To broaden involvement in shaping and developing the city, the Mayor’s Office set up a website at to enable the population to send participatory budgeting suggestions (after registering) for public works and services in a region or thematic area, or both. The suggestions are examined in delegate forums between May and July. Citizens making suggestions receive an email informing them of the dates of meetings and inviting them to take part.

Participation via the Internet is facilitated by a step-by-step approach that guides surfers through registration, and allows them to choose a region or sector, send suggestions, and follow up progress. Should the need arise, they are then contacted by email by technical experts in participatory budgeting.

The Internet can also be used to follow progress in the implementation of public works and services prioritised by the population the previous year. It also provides information on demands, regions or offices. Information on public works or services is available from the beginning of the process to the end of the project.


March and April – Preparatory Meetings. The aim of these meetings is to set an agenda, organize and prepare participatory budgets in regions, micro-regions and thematic areas. They involve:

  • Statement of accounts;
  • Presentation of Investment and Services Plans;
  • Presentation of internal regulations, general and technical criteria;
  • Discussion of thematic priorities;
  • Criteria for councillors;
  • Suggestions and requests via the Internet;

April to May (second half) - Regional and Thematic Assemblies.

  • Thematic priorities are chosen;
  • Councillors are elected;
  • Number of delegates is determined.

May to July – Regions and Thematic Areas.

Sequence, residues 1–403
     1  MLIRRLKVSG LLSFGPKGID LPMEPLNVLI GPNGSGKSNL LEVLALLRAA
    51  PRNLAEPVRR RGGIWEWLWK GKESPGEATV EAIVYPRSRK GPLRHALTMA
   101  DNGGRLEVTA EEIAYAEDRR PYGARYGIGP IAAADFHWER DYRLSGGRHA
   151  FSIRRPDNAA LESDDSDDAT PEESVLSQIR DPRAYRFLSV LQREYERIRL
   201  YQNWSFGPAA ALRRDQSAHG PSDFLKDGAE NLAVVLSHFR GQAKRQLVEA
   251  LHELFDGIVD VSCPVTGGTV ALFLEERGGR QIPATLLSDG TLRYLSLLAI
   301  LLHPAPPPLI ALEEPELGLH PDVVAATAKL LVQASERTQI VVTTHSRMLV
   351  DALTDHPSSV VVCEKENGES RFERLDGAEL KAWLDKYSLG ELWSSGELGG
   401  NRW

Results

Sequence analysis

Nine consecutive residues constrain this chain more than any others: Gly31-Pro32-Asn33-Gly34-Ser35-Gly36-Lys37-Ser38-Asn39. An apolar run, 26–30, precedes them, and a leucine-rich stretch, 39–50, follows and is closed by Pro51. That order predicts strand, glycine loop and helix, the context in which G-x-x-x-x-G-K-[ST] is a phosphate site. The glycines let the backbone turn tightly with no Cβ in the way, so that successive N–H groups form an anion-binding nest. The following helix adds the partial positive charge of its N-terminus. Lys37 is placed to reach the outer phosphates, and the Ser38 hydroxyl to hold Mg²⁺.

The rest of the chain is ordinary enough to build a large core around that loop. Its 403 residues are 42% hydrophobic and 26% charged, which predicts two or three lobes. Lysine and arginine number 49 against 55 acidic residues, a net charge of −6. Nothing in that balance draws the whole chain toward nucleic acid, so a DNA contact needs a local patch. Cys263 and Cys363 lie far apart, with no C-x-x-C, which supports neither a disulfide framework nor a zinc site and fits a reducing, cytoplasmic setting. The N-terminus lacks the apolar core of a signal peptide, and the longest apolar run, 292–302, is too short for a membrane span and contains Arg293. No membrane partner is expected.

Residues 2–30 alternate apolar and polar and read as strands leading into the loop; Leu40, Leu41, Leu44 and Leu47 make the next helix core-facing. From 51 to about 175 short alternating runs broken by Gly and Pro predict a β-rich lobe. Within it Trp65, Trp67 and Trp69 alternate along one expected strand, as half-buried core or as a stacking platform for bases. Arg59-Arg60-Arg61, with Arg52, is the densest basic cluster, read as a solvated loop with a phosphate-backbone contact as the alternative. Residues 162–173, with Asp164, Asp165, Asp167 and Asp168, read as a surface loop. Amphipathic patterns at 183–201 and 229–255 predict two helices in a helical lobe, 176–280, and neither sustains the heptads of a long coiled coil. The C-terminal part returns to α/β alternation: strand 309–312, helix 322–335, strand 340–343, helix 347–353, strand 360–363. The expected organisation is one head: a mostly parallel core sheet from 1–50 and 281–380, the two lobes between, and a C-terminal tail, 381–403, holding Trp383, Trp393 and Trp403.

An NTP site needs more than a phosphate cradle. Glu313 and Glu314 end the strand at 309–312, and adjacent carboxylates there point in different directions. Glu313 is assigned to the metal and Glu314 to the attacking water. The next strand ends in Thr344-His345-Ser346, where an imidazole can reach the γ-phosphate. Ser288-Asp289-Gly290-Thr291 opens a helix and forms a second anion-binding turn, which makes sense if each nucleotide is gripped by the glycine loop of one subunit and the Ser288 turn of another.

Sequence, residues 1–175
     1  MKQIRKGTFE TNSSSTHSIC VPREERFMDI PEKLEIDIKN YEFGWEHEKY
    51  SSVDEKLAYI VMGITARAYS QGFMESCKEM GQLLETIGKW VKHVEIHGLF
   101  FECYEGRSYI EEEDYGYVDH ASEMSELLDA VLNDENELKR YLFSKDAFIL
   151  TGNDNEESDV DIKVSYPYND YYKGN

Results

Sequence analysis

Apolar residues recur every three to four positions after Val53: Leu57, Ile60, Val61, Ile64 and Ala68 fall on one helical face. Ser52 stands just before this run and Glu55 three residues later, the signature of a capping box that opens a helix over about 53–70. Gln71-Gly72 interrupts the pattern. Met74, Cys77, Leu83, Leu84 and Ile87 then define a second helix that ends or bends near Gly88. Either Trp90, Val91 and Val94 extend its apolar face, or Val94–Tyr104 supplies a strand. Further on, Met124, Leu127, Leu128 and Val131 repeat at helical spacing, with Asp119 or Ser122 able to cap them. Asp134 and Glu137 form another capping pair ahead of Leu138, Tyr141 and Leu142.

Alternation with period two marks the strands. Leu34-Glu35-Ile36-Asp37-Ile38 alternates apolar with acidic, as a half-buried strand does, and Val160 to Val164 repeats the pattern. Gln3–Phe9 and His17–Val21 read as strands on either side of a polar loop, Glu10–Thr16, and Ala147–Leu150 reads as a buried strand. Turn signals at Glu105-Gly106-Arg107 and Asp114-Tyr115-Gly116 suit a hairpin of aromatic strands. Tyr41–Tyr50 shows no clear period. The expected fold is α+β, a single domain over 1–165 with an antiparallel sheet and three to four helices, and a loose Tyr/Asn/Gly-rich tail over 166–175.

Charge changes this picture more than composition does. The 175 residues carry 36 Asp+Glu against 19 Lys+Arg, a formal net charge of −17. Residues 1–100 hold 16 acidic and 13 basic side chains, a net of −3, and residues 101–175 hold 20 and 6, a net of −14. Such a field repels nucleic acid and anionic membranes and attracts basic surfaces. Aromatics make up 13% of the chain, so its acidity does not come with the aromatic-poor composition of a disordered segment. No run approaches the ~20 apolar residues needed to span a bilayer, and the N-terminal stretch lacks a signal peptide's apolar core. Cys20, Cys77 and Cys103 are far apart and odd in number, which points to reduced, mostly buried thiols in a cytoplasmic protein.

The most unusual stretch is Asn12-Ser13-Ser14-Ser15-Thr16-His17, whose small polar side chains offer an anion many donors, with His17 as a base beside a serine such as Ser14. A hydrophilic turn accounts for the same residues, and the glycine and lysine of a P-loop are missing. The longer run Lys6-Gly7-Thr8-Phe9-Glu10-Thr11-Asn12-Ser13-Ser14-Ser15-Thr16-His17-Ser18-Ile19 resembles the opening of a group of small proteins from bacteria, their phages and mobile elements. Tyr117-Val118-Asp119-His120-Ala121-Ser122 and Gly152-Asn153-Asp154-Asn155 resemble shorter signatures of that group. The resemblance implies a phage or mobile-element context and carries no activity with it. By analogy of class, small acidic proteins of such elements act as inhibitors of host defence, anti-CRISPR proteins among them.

• Delegates are chosen;
  • Public works and services are prioritised;
  • Delegate Forums deliberate on demands proposed via the Internet.
  • Before establishing priorities, delegates visit areas targeted for priority public works or services and follow progress on work.

July (first half).

  • New councillors take office;
  • List of public works and services handed in;
  • General discussion on thematic issues.

July to September – Analysis of demands and participatory budget. Government:

  • Technical and financial analysis of demands;
  • Participatory budget.

August to September – Vote on participatory budget
  • COP discusses and votes on the participatory budget and allocates resources to regions and thematic areas.

  • October to December – Detailed Investment and Services Plan

    • COP allocates resources to regions and thematic areas;
    • Investment and Services Plan Proposal (technical and financial analysis of demands made by the population) presented and voted in regional and thematic delegate forums.
    • GRC and Gaplan coordinators present public works and services that have no legal or technical impediment. Explanations are given as to why certain demands cannot be met. Investment and Services Plan Proposal is made known to the forums before presentation.

    November to December

    • Any changes to internal regulations, and general and technical criteria for participatory budgeting are discussed in regional and thematic forums.

    • COP discusses and votes on internal regulations, general and technical criteria.

    • COP retires